Professor Perspective: Free Online Education

Barry L. Nelson is the Walter P. Murphy Professor and Chair of the Department of Industrial Engineering and Management Sciences at Northwestern and a former director of the MEM program. In this post Professor Nelson offers his perspective on our report about free online education published earlier this month. 

In 1974 I couldn’t fit typing into my high school schedule, so I got a book titled Smith-Corona Ten-Day Touch Typing (still available on Amazon, amazingly) and taught myself to type. In college at DePauw University in 1977 there was not enough student interest to offer the numerical analysis class that I wanted to take, so a professor told me what book to buy, which chapters to read, and which exercises I should complete. I met with him every other week to ask questions and show him my work and got course credit for the class.

I tell these stories to make the point that it has been possible pretty much since the invention of the book for a motivated student to learn easy or difficult subjects outside of the traditional classroom setting. And doing it electronically is not new: interactive Computer Aided Instruction (CAI) tools have been prevalent for decades. Sometime around 2001 I taught the MEM course IEMS 415 simultaneously in Evanston and Schaumburg via a live two-way video hookup. The enthusiasm of people like Sebastian Thrun is exactly what you want and need to push a new concept forward, but a little historical perspective indicates that just how radically this instructional paradigm will change the college experience is far from certain.

My best guess is this: The top colleges and universities will eventually offer a seamlessly integrated educational experience that may include live instruction, individual tutoring, online material, experience-based learning, and entirely independent work. Educational curricula will become more personalized, but the role of the university in assembling, vetting, and integrating a rigorous program is what will make the elite universities stand out. Where, exactly, the on-campus experience will fit into all of this is hard to say, but I suspect that as long as there is beer it will be an important rite of passage, at least for many undergraduates.

One thing I can say with certainty is that the faculty and administration of every college and university in the U.S. is thinking long and hard about how to react to innovations like Coursera and Udacity. I am also sure that lots of money will be wasted until the right models emerge. I am currently on a committee thinking about just such things for McCormick Northwestern Engineering.


  1. Excellent post professor Nelson. It’s really nice to see your perspective about teaching & learning environment + the internet effect as a close partner.

    Right now in my life I really want to learn as much as possible…that’s why I traveled from Chile (my country) to US, I am MEM full-time student and also I am a coursera student. I agree with your post and I just want to add some still open questions about this educational model, and maybe it will be open for many years:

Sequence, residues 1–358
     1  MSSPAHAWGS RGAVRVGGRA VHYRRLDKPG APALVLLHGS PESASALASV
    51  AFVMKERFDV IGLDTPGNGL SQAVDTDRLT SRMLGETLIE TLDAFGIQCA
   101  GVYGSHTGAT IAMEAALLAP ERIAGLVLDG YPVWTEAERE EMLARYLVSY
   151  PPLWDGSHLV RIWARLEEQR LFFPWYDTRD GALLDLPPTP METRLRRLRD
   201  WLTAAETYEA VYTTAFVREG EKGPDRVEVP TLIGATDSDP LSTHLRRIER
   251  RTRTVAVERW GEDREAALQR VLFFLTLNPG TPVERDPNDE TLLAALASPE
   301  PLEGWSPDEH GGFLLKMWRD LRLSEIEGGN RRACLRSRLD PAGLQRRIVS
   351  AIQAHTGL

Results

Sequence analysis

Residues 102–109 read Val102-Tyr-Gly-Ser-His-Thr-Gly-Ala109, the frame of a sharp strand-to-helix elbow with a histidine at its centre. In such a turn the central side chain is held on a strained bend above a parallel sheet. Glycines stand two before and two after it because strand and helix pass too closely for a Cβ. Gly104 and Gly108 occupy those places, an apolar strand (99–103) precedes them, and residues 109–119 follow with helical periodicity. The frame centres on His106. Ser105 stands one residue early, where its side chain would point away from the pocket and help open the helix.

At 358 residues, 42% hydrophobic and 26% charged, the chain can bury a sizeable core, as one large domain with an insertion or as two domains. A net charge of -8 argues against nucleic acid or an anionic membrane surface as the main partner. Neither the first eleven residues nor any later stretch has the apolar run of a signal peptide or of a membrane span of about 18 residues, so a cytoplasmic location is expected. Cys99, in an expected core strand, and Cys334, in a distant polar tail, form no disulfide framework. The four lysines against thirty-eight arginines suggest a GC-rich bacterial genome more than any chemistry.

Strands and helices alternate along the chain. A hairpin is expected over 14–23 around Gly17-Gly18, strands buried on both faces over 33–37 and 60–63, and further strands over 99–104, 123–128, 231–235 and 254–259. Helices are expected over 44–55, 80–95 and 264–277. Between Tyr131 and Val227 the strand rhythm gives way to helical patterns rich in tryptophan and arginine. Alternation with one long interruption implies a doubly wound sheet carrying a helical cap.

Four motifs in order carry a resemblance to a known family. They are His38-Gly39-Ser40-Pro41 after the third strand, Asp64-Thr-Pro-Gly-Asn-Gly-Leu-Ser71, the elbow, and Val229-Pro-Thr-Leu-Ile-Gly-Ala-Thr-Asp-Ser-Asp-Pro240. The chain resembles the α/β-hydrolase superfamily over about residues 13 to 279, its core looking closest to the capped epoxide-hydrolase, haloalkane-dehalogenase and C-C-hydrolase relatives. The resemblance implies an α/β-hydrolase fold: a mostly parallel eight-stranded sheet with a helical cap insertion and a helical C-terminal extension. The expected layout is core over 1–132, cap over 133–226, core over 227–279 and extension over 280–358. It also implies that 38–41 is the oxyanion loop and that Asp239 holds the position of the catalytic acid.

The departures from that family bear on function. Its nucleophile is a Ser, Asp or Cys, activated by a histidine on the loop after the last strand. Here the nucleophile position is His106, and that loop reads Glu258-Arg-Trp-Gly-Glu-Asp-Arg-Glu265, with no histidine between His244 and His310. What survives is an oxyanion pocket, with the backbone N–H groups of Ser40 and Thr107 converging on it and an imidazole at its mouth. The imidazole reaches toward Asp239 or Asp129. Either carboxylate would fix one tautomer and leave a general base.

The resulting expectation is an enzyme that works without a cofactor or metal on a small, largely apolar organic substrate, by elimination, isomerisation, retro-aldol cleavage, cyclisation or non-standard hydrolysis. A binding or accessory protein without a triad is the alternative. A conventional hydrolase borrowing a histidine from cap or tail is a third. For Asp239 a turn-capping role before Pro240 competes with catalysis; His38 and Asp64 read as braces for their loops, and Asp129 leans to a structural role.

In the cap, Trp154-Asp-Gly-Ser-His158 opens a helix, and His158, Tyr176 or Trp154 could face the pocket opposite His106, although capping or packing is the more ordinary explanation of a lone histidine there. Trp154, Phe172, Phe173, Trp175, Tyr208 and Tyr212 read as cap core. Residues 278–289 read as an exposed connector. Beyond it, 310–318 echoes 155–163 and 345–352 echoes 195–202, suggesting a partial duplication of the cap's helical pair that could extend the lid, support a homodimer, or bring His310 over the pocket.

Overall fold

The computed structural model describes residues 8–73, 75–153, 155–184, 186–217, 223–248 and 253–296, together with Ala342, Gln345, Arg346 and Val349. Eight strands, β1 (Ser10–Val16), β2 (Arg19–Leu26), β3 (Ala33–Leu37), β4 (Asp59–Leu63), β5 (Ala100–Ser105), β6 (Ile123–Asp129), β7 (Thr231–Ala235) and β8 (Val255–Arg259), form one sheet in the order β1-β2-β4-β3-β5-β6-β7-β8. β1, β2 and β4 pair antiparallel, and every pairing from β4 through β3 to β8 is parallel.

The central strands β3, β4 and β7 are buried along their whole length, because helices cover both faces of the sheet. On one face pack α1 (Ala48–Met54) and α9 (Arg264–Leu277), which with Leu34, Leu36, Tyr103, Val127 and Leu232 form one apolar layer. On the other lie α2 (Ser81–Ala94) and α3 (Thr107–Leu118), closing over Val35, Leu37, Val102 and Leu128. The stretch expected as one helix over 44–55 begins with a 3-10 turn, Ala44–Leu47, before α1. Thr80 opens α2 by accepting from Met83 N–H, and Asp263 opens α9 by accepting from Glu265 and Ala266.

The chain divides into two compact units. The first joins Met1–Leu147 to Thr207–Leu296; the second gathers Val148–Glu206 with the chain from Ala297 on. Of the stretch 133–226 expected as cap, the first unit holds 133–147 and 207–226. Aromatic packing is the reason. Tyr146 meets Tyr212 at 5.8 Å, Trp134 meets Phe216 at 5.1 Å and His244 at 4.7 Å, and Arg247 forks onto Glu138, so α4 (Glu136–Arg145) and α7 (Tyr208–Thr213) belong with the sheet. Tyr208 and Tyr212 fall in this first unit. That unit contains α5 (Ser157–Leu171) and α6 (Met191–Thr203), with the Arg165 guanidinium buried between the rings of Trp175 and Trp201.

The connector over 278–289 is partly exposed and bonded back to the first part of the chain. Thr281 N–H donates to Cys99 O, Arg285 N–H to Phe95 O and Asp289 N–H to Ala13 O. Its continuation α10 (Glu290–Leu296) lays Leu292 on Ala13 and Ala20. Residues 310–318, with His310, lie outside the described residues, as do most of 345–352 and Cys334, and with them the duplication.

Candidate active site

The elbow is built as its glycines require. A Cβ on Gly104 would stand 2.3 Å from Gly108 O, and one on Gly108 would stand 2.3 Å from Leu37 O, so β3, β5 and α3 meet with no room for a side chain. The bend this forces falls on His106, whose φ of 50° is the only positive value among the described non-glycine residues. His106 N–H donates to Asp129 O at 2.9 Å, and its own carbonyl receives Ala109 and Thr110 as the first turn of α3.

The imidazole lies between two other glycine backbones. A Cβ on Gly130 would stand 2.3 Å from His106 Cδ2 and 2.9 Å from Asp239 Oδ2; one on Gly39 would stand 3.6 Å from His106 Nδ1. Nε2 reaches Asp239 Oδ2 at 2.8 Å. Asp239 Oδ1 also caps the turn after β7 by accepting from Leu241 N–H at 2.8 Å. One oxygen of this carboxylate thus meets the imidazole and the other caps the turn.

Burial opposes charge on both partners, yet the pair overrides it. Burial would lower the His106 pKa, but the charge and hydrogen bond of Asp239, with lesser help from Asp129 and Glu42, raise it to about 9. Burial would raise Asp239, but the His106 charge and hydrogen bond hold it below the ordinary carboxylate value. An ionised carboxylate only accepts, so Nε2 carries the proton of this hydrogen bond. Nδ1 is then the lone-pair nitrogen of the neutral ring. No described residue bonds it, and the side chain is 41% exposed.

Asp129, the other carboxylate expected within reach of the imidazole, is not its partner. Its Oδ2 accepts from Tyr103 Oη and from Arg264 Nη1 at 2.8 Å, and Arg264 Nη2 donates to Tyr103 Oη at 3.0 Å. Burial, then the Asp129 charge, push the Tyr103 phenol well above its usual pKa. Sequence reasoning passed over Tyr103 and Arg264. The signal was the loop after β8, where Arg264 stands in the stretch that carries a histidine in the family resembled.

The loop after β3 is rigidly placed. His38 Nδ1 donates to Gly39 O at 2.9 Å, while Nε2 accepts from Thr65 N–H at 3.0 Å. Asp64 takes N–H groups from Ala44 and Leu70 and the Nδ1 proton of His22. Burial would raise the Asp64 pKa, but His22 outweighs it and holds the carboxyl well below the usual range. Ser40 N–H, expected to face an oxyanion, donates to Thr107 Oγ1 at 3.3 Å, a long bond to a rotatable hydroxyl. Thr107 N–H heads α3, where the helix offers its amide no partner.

1.- what will happen with local education (outside US)…is this the beginning of a educational monopoly?? How a local university from a developing country can compete with universities like Harvard, MIT or Northwestern?? (it is good or bad this point??). If this is a possible scenario what is the right content?? The need of a poor country are quite different from US, how this kind of educational programs can deal with this issue?

    2.- on the other side…an not just thinking in an academic perspective…is it possible to teach useful content to workers (not only professionals) in order to improve many economies around the world?…maybe with this business model many emerging economies can dramatically improve their performance at a reasonable cost.

    3.- reading and watching Sir Ken Robinson, one of the problems of education is the over standardization…he compare education with a mass production factory…maybe this model is the climax of this educational model and we potentially can lose the richness of different cultures and with that innovation in many areas where different perspectives can help a lot.

  2. This definitively one of the most important topics that are turning around education. I am also very impressed of experiencing Coursera as a Student, taking advantage of the methodological resources that the e-learning allows. For example there are two features that, in my opinion, are very well done. The first is the possibility to follow the class at your own pace. Sometimes you would like to skip a part, and in other you would like to replay or pause the class to find additional resources to clarify any point. The second is the feature in which the professor stops the class until you answer a question that ensures that you are following the idea that’s being taught.

    An important open issue is that neither Cousera nor Audacity have yet defined their business models. One of the most attractive, in opinion, is to include companies to cover part of the costs of operation of those systems, since they can receive better information to met their increasing requirements of professionals that universities are not supplying.

    I am also visualizing a progressive integration of traditional teaching with these nice features, that would broaden the access to education since they would become more and more easily accessible. As a Latin american student, i see that this tendency would produce a radical change in the education systems making education highly more available, and thus helping to fill the unsatisfied demand of qualifies work force.

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